This is the painting that hung in my office in 1978: Harry Gottleib’s Ice House.
Exhibition Label
As workers like these knew well, it was cold, hard work filling the icehouses of upstate New York. In January 1934, artist Harry Gottlieb signed on with the PWAP and looked for American workers he could paint near his home in the artists’ colony of Woodstock, New York. He found these men harvesting ice off lakes and streams as local men had done every winter since the early 1800s. They sawed the thick layer of natural ice into long strips and then cut off large blocks. As Gottlieb’s painting shows, the red-faced workers dressed in warm coats used long hooks and wooden ramps to maneuver the slick, heavy ice into large commercial icehouses where they neatly stacked the blocks. Straw or sawdust packing minimized melting in warm weather. Throughout the year icehouses along the Hudson River stored ice that was shipped by train to New York City. Families and grocers put the ice into insulated iceboxes that kept food from spoiling. Artificial freezing dominated ice production after World War I, and then electric refrigerators became popular. When Gottlieb documented the natural ice business it was gradually melting away.
1934: A New Deal for Artists exhibition label
Filling the Ice House
Harry Gottlieb
On View
Not on view.
40 3/8 x 60 3/8 in. (102.5 x 153.4 cm)
Credit Line
Smithsonian American Art Museum
Transfer from the U.S. Department of Labor
Mediums Description
oil on canvas
New Deal – Public Works of Art Project – New York State
Figure group – male
Occupation – industry – ice cutting
Object Number






Page two of two

“I HAVE a secret to tell you. Secretary of Labor Ray Marshall has mice in his office. In fact, there are mice all up and down the second floor at the U.S. Department of Labor building in Washington, D.C. I have mice in my office. There are mice in the offices of the staff. There are mice in the conference rooms. When the coal negotiations were taking place in what the papers called the “blue-curtained room down the hall from Secretary of Labor Ray Marshall’s office,” there were mouse traps.”
















Heather Smith is the heroine of the Libertarian Disability Rights Movement


Please contribute $18 for the 2018 Campaign to Elect JoelSolkoff to Congress

By PayPal please contribute $18 to [email protected]

Home of Antaeus Mobility

What a difference a year makes









Defeat Rep. Tom Marino

In September 2017, President Donald Trump nominated Marino to serve as the Director of the Office of National Drug Control Policy (“drug czar”).[15][1] In October, Senator Joe Manchin (D-WV) called on Trump to withdraw Marino’s nomination.[20]Trump said he would “look into” reports about Marino, putting his nomination in question.[21] On October 17, 2017, Marino withdrew his nomination.[2]


















Love letter 1973

Gayle was one of those beautiful women who said No after my proposing. As with the others, I was fortunate because Gayle lingered for a delicious while before making the negative apparent

She arrived in a psychedelic bus from New Haven, Connecticut. The tarot cards Gayle read to me in the garden of the red house, Bernal Heights, San Francisco, did not simply predict my future.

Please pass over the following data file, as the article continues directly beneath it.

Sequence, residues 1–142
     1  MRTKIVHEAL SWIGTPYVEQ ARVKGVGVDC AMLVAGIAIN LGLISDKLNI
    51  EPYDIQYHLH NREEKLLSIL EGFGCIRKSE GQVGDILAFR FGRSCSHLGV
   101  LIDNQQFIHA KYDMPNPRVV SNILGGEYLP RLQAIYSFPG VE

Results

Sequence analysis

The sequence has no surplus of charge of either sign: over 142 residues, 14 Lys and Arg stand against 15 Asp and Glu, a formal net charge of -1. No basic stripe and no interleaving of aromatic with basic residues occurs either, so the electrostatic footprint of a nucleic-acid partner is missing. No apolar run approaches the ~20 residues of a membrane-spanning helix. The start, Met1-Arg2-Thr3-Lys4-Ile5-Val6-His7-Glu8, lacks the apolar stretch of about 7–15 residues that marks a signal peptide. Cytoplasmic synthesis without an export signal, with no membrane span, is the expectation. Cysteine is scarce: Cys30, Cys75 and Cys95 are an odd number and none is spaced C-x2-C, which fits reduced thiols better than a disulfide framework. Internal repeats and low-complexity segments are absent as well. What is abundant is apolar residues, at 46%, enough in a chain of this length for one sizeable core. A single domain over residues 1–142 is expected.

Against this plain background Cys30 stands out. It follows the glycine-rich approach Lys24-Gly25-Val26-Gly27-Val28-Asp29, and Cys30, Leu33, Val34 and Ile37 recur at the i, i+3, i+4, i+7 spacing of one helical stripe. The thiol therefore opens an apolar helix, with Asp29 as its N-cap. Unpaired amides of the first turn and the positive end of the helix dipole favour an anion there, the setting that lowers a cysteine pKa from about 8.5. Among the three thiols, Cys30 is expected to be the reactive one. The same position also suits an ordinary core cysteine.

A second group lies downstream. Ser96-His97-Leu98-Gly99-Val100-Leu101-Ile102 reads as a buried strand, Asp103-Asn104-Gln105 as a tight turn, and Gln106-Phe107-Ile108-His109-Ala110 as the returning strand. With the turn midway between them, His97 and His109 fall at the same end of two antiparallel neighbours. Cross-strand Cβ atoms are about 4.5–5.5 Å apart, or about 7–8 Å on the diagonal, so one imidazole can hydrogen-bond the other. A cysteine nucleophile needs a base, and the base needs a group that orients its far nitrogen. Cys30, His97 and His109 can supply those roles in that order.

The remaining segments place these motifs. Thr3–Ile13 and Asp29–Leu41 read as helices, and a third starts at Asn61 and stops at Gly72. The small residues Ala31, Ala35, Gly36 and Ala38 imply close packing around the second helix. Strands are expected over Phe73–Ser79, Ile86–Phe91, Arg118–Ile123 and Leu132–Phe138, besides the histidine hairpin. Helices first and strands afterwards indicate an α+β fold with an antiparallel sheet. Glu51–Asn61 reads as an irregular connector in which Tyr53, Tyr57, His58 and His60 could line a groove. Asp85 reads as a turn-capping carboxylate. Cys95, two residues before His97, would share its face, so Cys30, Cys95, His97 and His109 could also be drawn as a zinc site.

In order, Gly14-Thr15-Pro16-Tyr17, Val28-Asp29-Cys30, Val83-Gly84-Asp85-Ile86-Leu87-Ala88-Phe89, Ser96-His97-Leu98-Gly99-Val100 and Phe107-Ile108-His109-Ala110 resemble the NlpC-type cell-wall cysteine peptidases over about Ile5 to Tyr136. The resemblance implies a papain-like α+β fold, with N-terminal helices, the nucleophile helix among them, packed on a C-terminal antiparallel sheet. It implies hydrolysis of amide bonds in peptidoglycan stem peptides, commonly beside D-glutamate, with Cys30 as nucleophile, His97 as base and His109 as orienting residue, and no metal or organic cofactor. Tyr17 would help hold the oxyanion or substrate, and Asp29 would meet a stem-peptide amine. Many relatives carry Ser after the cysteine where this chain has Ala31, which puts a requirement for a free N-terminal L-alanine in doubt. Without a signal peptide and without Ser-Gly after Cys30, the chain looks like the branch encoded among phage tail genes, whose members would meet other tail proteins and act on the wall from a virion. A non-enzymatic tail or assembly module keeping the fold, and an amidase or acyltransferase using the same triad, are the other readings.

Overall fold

Beach adventure on the Pacific astonishingly similar to a Fellini beach scene



To be continued… [ and how]



Detail from my arrest last month

Work in progress


Walls and bars do not a prison make










This is the cool prison next to the new prison. My prison.

This is the cool prison next door. Ignore, the discussion about rape. No one wanted to rape me.









Walls and bars do not a prison make





















1973 Letter to my literary agent seeking her help to break a book contract on how Timothy Leary escaped from prison

Letter to Marie Rodell June 1973



Marie Freid Rodell (January 31, 1912 – November 9, 1975) was a literary agent and author who managed the publications of much of environmentalist Rachel Carson‘s writings, as well as the first book by civil rights activist Martin Luther King, Jr..

Rodell was born in New York City, and attended Vassar College (B.A. 1932). After nine years as an editor for mystery novels, Rodell formed her own literary agency in 1948.[1] That year she met Rachel Carson, who hired her. She worked with Carson for the remainder of Carson’s life, and after Carson’s death in 1964 became her literary executor; she compiled and organized the Rachel Carson Papers (which took over two years) and arranged for the posthumous publication of A Sense of Wonder.[2] In 1957 she was Martin Luther King, Jr.’s literary agent for Stride Toward Freedom.[1]


“Marie: This is the understanding hat I have with Joanna in relation to this book. This book will be Joanna’s view of  her love story with Timothy Leary as told to Joel Solkoff.”



Sampling from a five page letter


It is therefore necessary for Joanna Harcourt-Smith Leary to agree to the following conditions in writing.”

  1. Anything contained in the final draft of our book will be agreed to by each of us.That means that I can veto anything I don’t like and t she can veto anything she doesn’t like.  That means we will constantly be fighting until there is a state of equilibrium.”



Page one









I took this photograph of Joanna Harcourt-Smith on the Friday before Mother’s Day, 1973